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Fines, Penalties and More: The True Cost of Workplace Safety Violations

The True Cost of Workplace Safety Violations
No business wants to get hit with OSHA fines because they violated workplace safety laws. But that’s exactly what can happen when you commit workplace safety violations. The fine for a single violation can exceed $10,000. Fines for repeated violations can top $100,000. That’s more than enough to make any forklift driver or HR manager take notice. Yet, when it comes to the true cost of OSHA fines, that’s just the start.

Business and Workplace Safety

Ask any company that uses aerial lifts or forklifts. They will tell you that safety is their #1 priority. But when it comes to getting the job done every day, workplace safety sometimes gets lost in the shuffle.

When safety suffers, so do workers. Besides minor and major injuries, many workers lose their lives every year. One just has to look at the statistics to see this is true.  Not all deaths are caused by failure to follow business and workplace safety regulations. Employers can do everything right and accidents still happen. But most accidents result from some type of workplace safety violation.

There’s an easy way to avoid OSHA penalties and increase business and workplace safety. Get your workforce forklift trained and certified at ForkliftCertification.com. Our OSHA-compliant training helps prevent accidents on the job.

Workplace Safety Violations: The Price of Penalties

Plenty of rumors and gossip surround OSHA penalties. But figuring out the actual cost of workplace safety violations is easy. OSHA’s website has a detailed table that lists the fines. Let’s take a look at these costs.

OSHA conducts regular reviews of their fines and penalties. Prior to 2015, the dollar amounts of the fines didn’t increase every year. That changed when Congress passed the Federal Civil Penalties Inflation Adjustment Improvements Act of 2015. Based on this Act, OSHA last increased its fines in January of 2019. They are now required to make yearly adjustments (based on inflation) no later than January 15 of each year.

Here is the 2019 cost breakdown for OSHA fines:

– Serious violations: $13,260 per violation

– Failure to Abate: $13,260 per day beyond the abatement date

– Willful or Repeated violations: $132,598 per violation

A single violation may not seem like much to large companies. But that’s a lot of money to a small business. Repeated violations or failure to abate could result in huge fines to any business.

The Full Extent of Workplace Safety Penalties

In most cases, the cost of workplace safety violations extends far beyond just the OSHA fine. Other costs include legal fees, lost productivity, and increased healthcare premiums. Then there are the costs of bad publicity that can damage the company’s image. It can be hard to put a dollar figure on these costs. Yet, many employers spend thousands of dollars on PR firms that try to repair the damage to their image.

For the “true” cost of OSHA fines, here’s an example any company could face due to a forklift injury:

– Company cited for serious violation after OSHA audit: $12,934

– Lawyer fees to argue audit results: $4,000

– Lost productivity due to audit-related activity: $20,000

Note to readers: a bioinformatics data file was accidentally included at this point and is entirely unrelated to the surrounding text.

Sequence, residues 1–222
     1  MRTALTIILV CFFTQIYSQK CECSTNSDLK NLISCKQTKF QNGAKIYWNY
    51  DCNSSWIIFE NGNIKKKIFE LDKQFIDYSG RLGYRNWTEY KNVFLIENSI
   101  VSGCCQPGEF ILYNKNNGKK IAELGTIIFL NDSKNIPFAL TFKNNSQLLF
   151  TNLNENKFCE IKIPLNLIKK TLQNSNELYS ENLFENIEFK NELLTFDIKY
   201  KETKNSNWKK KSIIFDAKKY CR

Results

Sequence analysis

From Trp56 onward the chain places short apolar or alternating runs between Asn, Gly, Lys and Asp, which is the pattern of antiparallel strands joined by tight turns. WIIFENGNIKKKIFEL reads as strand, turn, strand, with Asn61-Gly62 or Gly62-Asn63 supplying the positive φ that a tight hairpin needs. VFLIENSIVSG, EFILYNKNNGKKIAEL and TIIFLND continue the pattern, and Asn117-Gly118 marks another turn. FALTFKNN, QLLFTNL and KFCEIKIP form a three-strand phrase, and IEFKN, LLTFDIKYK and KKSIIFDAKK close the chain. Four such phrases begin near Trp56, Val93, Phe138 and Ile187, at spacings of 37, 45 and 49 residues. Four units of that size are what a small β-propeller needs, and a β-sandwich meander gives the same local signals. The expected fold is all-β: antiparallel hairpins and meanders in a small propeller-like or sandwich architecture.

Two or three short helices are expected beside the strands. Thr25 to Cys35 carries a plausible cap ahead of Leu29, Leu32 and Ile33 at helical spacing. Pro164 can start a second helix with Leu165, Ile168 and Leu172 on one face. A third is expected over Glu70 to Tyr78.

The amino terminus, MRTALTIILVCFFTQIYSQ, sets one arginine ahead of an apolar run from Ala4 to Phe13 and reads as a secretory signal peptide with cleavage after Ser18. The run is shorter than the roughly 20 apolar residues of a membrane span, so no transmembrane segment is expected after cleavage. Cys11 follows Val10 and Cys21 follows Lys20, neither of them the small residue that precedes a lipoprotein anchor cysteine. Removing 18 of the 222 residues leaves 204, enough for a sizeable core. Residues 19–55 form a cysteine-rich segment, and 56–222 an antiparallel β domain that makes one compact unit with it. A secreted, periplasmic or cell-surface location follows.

– Public relations effort to counter bad press: $3,500

– Medical care costs for injured worker: $15,000

– Company cited again for repeated violations: $129,336

– Decrease in orders due to bad PR: $100,000+

– Total cost of OSHA audit, fines, and related activity: $184,770

Keep in mind, this is only the monetary fines resulting from the OSHA audit. In many cases, even more costs can follow. These include ongoing legal fees from lawsuits, efforts to improve safety and training, and more. A fatality may also make it hard to hire new workers. Cleary, the impact of OSHA fines goes far beyond what most employers expect.

Dealing With OSHA Penalties at the State Level

OSHA fines are set at the federal level. But some states have their own OSHA programs. Their goal is to provide an extra measure of business and workplace safety for workers.

State OSHA departments have their own audit procedures. They can also investigate workplace accidents faster than at the federal level. Yet, there is some confusion about state OSHA fines. According to OSHA, “State plans must be at least as effective as OSHA in protecting workers and in preventing work-related injuries, illnesses and deaths.”

When OSHA adjusts its fines, state OSHA programs have six months to match or exceed the federal benchmark. To learn more about state OSHA programs, visit the OSHA State Plans page. It offers useful info on audits, contact numbers, local jurisdictions, and much more.

Get Trained on OSHA Workplace Safety Laws

OSHA mandates that all workers be trained and certified on forklifts. To get certified, workers must know the workplace safety laws. They must also learn how to safely operate a forklift.

Our safety courses can be taken anywhere you have Internet access. They only require about an hour to complete. Workers can print their certifications as soon as they complete the course. The courses include free renewal courses every three years, as mandated by OSHA.

So why risk injury to your workers and crippling fines from OSHA? Sign up today for fast, affordable forklift training from ForkliftCertification.com.

Updated June 2019

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